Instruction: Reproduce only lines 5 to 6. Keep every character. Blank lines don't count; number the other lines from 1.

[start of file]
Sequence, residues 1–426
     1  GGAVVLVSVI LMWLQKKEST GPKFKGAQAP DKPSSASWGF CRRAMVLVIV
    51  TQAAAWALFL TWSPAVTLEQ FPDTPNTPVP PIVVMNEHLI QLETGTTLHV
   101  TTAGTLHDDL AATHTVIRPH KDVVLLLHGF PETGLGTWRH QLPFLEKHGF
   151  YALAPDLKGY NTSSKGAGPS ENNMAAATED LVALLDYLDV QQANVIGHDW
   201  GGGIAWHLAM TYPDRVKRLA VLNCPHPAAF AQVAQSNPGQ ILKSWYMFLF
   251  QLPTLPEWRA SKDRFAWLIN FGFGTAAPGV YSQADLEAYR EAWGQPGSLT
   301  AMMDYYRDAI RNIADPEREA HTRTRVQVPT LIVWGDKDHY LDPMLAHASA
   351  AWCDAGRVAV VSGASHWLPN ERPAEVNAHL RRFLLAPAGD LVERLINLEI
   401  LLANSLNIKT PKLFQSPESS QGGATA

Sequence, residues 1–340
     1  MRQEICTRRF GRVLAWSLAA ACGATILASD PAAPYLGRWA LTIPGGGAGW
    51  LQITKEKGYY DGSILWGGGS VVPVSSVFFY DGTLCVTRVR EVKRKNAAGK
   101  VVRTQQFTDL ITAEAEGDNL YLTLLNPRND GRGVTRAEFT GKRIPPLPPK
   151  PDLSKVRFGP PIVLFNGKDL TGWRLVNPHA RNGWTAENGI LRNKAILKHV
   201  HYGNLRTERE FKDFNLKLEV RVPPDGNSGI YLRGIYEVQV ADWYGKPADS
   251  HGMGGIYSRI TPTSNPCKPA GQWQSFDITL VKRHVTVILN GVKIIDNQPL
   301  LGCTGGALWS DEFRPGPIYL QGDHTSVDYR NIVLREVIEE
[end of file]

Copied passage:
   151  YALAPDLKGY NTSSKGAGPS ENNMAAATED LVALLDYLDV QQANVIGHDW
   201  GGGIAWHLAM TYPDRVKRLA VLNCPHPAAF AQVAQSNPGQ ILKSWYMFLF